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I - Background and Scope The objective of the Payout Annuity Table Team (Team), as requested by the NAIC’s Life Actuarial Task Force (LATF), was to produce a new annuity valuation mortality table, including projection scales and margins necessary to make the table suitable for standard valuation purposes for individual annuities. This report documents the data, assumptions and process the Team used to develop the 2012 Individual Annuity Reserve Table (2012 IAR Table). The Team began with data and information from the mortality experience analysis, as described in the Society of Actuaries 2000-2004 Individual Payout Annuity Experience Report, dated April 2009. From this, the Team developed a basic table (2012 IAM Table), projection scale (Scale G2). Lastly, the Team explored various approaches and levels of margin which were discussed and ultimately recommended by LATF. The IAR Table is comprised of these three components, which are discussed throughout this report. In addition, the Team recommended and LATF concluded it made sense to develop a generational mortality table through the use of projection factors. While this represents a departure from previous individual annuitant mortality tables, it overcomes the disadvantage of using a static table that can become dated more quickly than a generational table. II - Table Development and Approach The 2000-2004 Payout Annuity Mortality Experience Study includes experience for immediate annuities, annuitizations and life settlement options of individual life insurance and annuity death claims. The experience analyzed excluded substandard annuities, structured settlement annuities and variable payout annuities. The experience represented 16 companies over the exposure period. The aggregated annuitant data (male, female) provided for the periods 2000-2004 included death, exposure (initial exposed to risk) and amount of annual income for ages 50 to 113. The data presented some evidence of selection in the form of lower Actual-to-Expected ratios for nonrefund (i.e., life only with no certain period) immediate annuities at higher annual income levels. However, the Team decided that due to the limited data at these higher income levels and the narrow scope of this finding (unique to immediate annuities), it would avoid unnecessary complexity and not seek to differentiate mortality by annual income level. For the purpose of developing the 2002 experience table, the age range was subsequently limited to ages 50 to 99 due to lack of credible experience at younger and older ages. To account for differences in data (extract) periods by the contributing companies, the death, exposure and amount of annual income data were summed across the 2000-2004 period. This data was then smoothed using a graduation approach which is described in detail in this report. Mortality rates were then developed for ages younger than 50 and older than 95, and further adjustments were made to grade the rates for ages 50 to 65 up to the experience-based rates at age 65. The methods used to develop or extrapolate the mortality rates for ages under 50 and above 95, as well as other refinements and adjustments, are described within this report. See Section IV, Younger and Older Age Adjustments. The result of these efforts was a 2002 experience table. The next step was to project this table with improvement factors to 2012 to create the 2012 Individual Annuity Mortality Basic Table (2012 IAM Basic Table). Once the decision was reached on the merits of creating a generational mortality table, the Team then proceeded with the development of an improvement scale to be used for years 2013 and beyond. Following the development of this scale, labelled projection Scale G2, a methodology to reflect mortality improvement between 2002 and 2012 was determined. Margin levels were then established and added to the 2012 IAM Basic Table to derive the 2012 IAM Period Table. The 2012 IAR Table consists of this 2012 IAM Period Table along with the use of Scale G2 to project future mortality improvements beyond 2012. III - Graduation The Team analyzed various graduation approaches to create a preliminary table and ultimately decided to create a preliminary table using confidence intervals by applying the P-Spline methodology. The Team chose the P-Spline method as it was a practical statistical package designed and used by actuaries for mortality data, the output of the package is a statistically robust fitted life ("best estimate") table and the output provides a measure of uncertainty of the fitted table in the form of confidence intervals. The P-Spline method was used to fit the dataset and provide a graduated life table with the mortality rates (qx) weighted by amount of annual income. Initially described by Eilers and Marx1, P-Splines comprise a subset of a class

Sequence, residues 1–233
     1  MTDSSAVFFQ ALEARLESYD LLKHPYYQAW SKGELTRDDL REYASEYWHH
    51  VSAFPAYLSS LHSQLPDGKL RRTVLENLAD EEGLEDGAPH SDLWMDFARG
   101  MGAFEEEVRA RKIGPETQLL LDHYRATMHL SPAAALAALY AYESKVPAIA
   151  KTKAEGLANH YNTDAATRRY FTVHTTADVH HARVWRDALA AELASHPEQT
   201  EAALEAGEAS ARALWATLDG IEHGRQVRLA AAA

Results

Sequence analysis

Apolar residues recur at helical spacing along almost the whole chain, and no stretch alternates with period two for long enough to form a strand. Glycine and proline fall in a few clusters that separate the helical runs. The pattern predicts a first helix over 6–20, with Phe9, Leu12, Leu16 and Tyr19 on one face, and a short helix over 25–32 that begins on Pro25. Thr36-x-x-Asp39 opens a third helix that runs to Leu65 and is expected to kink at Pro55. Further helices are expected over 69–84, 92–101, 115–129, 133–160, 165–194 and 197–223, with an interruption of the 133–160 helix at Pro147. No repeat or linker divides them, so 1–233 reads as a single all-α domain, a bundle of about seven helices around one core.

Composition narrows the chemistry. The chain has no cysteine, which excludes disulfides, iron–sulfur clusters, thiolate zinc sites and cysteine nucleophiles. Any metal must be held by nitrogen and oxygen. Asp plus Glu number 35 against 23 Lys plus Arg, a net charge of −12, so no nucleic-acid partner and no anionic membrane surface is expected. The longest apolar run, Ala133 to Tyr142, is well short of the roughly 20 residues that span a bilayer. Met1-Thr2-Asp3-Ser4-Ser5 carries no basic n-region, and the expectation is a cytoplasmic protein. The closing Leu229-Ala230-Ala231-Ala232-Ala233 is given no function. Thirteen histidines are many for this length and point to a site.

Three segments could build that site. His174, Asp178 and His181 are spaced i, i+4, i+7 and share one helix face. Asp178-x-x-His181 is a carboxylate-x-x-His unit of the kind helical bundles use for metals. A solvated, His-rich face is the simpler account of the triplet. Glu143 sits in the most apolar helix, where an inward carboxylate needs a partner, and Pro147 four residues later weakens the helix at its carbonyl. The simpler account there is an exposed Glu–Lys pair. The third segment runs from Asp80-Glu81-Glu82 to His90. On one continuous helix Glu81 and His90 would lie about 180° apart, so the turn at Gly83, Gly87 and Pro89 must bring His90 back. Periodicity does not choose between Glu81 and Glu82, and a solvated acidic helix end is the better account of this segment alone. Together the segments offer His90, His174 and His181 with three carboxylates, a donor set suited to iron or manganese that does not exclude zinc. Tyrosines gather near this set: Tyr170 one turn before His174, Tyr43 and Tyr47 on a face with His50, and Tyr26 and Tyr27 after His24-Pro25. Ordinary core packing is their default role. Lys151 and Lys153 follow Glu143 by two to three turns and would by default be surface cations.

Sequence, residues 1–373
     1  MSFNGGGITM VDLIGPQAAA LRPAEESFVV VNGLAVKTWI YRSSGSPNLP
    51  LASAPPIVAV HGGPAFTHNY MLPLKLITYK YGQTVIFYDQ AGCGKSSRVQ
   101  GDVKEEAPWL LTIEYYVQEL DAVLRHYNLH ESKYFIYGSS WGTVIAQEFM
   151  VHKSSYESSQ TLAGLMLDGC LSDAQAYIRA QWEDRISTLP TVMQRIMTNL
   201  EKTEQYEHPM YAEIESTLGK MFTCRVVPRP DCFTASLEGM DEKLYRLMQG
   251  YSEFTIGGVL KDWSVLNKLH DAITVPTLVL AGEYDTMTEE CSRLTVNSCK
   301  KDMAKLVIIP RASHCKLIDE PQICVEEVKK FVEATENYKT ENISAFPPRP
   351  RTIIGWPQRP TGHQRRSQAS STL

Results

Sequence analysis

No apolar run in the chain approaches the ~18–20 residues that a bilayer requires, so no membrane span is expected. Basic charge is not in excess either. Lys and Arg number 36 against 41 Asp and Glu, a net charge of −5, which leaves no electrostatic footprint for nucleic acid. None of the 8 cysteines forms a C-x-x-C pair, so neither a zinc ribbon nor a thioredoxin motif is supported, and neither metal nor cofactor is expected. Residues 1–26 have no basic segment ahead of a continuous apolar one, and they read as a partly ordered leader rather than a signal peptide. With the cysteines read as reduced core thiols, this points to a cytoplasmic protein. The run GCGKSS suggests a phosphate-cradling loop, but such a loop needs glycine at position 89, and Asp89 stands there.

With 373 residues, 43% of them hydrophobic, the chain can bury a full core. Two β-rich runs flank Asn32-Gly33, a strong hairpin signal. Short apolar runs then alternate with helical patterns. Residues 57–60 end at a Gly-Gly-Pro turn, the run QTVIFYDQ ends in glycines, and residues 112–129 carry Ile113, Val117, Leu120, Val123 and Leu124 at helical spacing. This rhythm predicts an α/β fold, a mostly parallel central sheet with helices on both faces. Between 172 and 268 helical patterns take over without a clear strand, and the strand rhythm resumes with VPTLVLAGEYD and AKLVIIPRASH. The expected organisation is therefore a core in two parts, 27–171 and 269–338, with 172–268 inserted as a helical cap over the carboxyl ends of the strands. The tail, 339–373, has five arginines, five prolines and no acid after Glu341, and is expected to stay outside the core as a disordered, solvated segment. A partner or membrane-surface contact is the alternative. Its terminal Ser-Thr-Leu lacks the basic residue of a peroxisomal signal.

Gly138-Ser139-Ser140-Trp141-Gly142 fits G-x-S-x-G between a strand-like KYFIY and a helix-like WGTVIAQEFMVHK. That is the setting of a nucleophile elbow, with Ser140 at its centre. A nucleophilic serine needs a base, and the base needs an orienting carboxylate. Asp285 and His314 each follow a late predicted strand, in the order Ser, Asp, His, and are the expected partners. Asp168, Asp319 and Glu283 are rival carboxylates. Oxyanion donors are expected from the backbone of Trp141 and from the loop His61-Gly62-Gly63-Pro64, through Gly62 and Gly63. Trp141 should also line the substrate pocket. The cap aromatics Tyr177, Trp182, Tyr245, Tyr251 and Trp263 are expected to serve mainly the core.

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of (piecewise) polynomial functions. They combine the use of P-Splines and difference penalties (e.g., on the estimated coefficients of a generalized linear regression model) to smooth and provide projections of the data. The P-Spline application used was made available through a spreadsheet-based modeling tool (CMI Mortality Projection Spreadsheet version 3.0) provided by the Continuous Mortality Investigation Bureau or CMIB (http://www.actuaries.org.uk/research-and-resources/pages/continuous-mortality-investigation).2 Using the tool, values for qx (males or females) weighted by amount of annual income were fitted for each age x of the dataset.3 The surface fit was determined by a combination of the data and the penalty applied. Data smoothing was provided by means of the penalized splines and the log mean values of qx within the fitted region generated.4 Ninety-five percent confidence intervals (95% CI) were also calculated for qx based upon the standard deviations (adjusted for increased uncertainty due to analysis by amount of annual income) of the log mean values of qx generated by the tool. This graduation approach resulted in mortality rates generally ranging between 99% and 101% of the best estimate mortality rates for key ages. However, the confidence intervals at the oldest and younger ages were wider, suggesting greater uncertainty. In addition, the resulting mortality rates at the older ages were higher than the Annuity 2000 Basic Table. The P-Spline application breaks down as data becomes limited and less credible, which was the case with the underlying younger and older age experience. Therefore, the Team explored additional methods to derive the mortally rates for the younger and older ages, as discussed in Section IV - Younger and Older Age Adjustments. A comparison of the actual and smoothed mortality (qx) values for males and females is provided in Figures 1 and 2, respectively. Figure 1. Graduated Male Mortality Adjusted by Amount of Annual Income